Olympus M.Zuiko Digital ED 100-400mm f/5.0-6.3 IS lens

      Photo Review 9.0

      In summary

      While its two stops slower than the M.Zuiko Digital ED 300mm f/4.0 IS PRO lens at the 300mm focal length, the M.Zuiko Digital ED 100-400mm f/5.0-6.3 IS lens offers a more versatile alternative that is smaller, lighter and more affordable.

      Most photographers will buy this lens for shooting sports and/or wildlife. Bird photographers, in particular, are likely to find this lens appealing and its compactness and light weight – plus its effective stabilisation – make it ideal for hand-held use.

      It’s also a good choice for sports photographers who spend a lot of time standing and outdoor photographers who require long lenses. The generous lens hood is great for excluding stray light in challenging situations.

      Full review

      Scheduled to arrive in stores late this month, the new Olympus M.Zuiko Digital ED 100-400mm f/5.0-6.3 IS lens has the longest reach of any zoom lens released so far for Olympus interchangeable-lens cameras. Owners of Panasonic’s cameras have enjoyed the Leica-branded DG Vario-Elmar 100-400mm f/4.0-6.3 ASPH Power OIS lens since 2016 and many OM-D camera owners purchased this lens. Now Olympus has provided a dedicated M.Zuiko lens to cater for OM-D owners.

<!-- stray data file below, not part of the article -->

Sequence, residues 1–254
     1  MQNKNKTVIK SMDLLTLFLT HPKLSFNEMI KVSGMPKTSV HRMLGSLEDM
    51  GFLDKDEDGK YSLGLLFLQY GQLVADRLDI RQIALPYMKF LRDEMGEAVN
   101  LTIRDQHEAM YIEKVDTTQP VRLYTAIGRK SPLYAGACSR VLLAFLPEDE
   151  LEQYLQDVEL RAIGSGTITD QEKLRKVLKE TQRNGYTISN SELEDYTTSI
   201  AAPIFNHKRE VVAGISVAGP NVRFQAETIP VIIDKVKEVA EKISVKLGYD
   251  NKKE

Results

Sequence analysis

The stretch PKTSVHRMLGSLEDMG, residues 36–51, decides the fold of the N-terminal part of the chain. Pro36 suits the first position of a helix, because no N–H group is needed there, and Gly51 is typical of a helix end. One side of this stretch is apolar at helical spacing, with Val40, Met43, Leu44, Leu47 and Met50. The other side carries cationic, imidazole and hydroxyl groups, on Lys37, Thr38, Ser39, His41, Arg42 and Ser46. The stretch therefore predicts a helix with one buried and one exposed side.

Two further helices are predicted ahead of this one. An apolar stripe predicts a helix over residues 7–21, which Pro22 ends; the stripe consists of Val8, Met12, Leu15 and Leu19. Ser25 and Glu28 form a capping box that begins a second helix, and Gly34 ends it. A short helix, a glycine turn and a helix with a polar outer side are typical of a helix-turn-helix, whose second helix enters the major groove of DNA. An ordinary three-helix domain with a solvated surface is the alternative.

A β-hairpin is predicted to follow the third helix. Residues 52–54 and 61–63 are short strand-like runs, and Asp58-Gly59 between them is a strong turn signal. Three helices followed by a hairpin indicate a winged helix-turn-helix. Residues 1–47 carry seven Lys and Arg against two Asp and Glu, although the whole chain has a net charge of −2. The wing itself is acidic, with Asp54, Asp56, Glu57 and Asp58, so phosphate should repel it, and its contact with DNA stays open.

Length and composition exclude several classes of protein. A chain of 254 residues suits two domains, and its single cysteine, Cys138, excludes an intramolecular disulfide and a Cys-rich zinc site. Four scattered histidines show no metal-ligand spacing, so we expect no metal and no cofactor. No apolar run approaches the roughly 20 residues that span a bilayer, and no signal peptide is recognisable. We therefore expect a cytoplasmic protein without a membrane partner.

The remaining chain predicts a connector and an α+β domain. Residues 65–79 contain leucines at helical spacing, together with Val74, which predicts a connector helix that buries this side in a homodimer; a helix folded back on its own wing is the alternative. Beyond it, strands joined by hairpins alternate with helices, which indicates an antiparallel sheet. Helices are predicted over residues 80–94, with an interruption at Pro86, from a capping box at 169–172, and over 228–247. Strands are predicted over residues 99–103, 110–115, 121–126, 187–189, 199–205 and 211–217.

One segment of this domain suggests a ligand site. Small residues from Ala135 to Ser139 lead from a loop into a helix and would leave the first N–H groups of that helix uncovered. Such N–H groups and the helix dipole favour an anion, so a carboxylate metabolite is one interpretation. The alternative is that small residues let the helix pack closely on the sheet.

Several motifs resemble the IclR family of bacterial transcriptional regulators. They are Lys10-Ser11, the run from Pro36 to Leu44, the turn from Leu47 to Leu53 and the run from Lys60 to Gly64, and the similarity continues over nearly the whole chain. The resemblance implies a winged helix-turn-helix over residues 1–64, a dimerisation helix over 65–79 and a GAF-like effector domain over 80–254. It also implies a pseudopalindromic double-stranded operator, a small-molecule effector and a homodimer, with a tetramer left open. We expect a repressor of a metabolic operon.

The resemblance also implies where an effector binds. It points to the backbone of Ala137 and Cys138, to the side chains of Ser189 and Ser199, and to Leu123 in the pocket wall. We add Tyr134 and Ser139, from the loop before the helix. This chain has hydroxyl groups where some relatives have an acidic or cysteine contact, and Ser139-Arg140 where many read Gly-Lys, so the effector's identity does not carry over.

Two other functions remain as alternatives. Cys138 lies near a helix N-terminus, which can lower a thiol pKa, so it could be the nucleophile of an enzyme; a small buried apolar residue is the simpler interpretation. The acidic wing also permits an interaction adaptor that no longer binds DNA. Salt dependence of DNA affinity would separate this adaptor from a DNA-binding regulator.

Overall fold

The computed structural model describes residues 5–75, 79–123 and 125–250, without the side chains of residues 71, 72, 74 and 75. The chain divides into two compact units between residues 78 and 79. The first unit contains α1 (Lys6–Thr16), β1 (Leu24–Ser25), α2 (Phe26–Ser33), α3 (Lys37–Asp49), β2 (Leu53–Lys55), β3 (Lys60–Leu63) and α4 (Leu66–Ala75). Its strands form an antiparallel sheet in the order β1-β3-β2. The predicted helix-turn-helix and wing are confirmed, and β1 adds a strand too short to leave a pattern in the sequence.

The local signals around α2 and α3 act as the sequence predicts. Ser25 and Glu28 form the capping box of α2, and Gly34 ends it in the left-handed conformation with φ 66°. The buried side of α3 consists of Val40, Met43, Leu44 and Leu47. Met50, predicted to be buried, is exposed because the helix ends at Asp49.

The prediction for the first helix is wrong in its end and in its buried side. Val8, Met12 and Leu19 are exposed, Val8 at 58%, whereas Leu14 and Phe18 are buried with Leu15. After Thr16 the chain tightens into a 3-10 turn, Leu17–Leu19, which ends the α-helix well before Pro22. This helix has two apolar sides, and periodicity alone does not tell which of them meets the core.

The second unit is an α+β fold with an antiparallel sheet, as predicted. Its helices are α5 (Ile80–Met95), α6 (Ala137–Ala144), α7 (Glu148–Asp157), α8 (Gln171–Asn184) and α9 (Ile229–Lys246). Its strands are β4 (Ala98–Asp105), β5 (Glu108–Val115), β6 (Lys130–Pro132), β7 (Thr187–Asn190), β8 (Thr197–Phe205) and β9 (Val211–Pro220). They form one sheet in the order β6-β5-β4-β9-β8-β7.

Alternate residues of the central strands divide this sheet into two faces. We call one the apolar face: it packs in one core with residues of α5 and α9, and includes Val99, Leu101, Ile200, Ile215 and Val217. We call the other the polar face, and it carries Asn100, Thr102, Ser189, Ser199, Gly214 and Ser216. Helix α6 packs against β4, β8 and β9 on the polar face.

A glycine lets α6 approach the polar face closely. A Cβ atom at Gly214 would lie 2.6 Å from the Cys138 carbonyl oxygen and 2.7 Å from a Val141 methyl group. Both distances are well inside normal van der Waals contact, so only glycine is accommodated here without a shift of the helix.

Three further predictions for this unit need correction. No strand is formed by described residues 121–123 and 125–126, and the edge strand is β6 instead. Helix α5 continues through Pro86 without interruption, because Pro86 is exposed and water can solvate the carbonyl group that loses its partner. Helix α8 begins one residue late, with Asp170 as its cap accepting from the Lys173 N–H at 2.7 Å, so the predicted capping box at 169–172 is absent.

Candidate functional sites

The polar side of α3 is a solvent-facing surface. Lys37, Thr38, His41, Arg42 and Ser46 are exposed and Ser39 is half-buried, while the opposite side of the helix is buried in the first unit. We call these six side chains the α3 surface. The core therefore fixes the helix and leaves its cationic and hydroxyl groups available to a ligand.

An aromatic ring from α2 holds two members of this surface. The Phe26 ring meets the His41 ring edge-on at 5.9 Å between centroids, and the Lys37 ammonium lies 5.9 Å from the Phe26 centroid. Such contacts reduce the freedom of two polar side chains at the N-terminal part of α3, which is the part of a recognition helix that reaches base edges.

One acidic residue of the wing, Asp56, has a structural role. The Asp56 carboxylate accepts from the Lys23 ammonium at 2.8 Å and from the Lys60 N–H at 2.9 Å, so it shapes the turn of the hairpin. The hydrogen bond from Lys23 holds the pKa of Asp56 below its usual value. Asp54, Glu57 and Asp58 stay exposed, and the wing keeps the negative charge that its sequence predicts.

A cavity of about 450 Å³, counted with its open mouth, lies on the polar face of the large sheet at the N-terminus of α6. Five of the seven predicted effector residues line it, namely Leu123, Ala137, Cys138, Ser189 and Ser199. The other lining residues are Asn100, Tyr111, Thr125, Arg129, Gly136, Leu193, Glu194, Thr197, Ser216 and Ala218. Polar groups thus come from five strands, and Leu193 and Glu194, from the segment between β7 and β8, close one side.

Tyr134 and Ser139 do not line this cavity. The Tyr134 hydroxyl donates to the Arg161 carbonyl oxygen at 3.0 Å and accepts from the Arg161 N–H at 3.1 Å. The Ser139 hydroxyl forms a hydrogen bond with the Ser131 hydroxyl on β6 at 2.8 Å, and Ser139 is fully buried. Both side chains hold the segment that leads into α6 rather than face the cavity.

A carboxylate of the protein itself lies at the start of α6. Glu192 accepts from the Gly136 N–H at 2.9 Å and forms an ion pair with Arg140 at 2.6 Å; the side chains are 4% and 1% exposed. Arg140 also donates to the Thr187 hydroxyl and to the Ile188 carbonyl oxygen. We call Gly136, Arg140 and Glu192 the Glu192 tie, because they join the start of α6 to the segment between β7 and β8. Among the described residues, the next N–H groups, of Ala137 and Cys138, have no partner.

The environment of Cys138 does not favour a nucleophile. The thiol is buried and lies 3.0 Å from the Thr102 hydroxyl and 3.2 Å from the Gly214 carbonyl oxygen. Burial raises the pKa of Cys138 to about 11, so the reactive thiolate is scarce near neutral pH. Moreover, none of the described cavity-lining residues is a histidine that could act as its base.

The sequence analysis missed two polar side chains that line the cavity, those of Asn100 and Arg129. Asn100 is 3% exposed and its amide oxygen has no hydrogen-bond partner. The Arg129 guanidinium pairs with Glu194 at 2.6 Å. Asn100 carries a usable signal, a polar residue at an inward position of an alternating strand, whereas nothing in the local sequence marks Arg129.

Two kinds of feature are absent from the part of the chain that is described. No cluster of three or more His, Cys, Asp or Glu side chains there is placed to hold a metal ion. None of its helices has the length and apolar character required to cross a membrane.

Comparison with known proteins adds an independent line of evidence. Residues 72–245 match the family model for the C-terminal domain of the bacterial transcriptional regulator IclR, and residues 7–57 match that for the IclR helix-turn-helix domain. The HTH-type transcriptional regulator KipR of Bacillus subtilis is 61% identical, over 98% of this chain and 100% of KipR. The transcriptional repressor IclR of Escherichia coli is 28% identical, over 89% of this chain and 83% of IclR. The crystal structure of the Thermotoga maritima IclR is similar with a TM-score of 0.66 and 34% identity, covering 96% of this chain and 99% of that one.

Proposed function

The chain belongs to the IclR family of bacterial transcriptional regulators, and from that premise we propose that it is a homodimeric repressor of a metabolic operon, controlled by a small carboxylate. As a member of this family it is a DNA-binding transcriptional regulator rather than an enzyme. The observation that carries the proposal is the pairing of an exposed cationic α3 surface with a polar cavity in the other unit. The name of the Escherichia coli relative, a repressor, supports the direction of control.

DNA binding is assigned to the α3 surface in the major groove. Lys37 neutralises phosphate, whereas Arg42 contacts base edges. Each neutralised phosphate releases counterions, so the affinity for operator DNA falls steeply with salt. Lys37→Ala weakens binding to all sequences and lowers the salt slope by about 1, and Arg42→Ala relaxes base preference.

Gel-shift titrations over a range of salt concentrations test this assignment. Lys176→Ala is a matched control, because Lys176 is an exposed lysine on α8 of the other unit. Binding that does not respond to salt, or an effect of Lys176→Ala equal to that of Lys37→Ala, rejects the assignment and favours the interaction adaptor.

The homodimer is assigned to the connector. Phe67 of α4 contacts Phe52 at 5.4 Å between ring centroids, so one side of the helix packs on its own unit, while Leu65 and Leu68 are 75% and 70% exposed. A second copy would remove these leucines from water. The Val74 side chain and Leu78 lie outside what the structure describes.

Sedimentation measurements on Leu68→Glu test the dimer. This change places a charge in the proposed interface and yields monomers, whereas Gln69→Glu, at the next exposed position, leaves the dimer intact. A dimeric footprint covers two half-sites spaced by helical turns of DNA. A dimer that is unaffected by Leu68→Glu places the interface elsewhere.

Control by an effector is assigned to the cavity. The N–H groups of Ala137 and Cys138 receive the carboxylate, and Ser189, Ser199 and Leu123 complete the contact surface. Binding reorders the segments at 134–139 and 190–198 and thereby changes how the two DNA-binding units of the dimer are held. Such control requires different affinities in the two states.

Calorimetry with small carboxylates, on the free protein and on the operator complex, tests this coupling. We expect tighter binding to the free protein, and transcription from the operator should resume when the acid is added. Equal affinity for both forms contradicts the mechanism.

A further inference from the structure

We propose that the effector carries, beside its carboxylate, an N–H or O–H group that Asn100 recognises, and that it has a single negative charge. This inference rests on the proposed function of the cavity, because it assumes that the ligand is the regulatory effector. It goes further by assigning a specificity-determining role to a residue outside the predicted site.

Side view of the new M.Zuiko Digital ED 100-400mm f/5.0-6.3 IS lens without the lens hood but with the tripod collar in place. (Source: Olympus).

      Like the Panasonic lens, the M.Zuiko Digital ED 100-400mm f/5.0-6.3 IS lens covers focal lengths equivalent to 200-800mm in 35mm format. Its optical design contains 21 elements in 15 groups and includes four ED (Extra-low Dispersion), two Super HR (High Resolution) and two HR elements to keep resolution high across the entire zoom range.


      A cutaway view of the M.Zuiko Digital ED 100-400mm f/5.0-6.3 IS lens showing the positions of the various elements. (Source: Olympus.)

      ZERO (Zuiko Extra-low Reflection Optical) Coating is also used to reduce the effects of ghosting and flare, particularly with backlit subjects. Nine diaphragm blades close to produce a circular aperture for smooth, attractive bokeh. This lens is also weather sealed to the same levels of dustproof and splashproof performance as the M.Zuiko PRO series.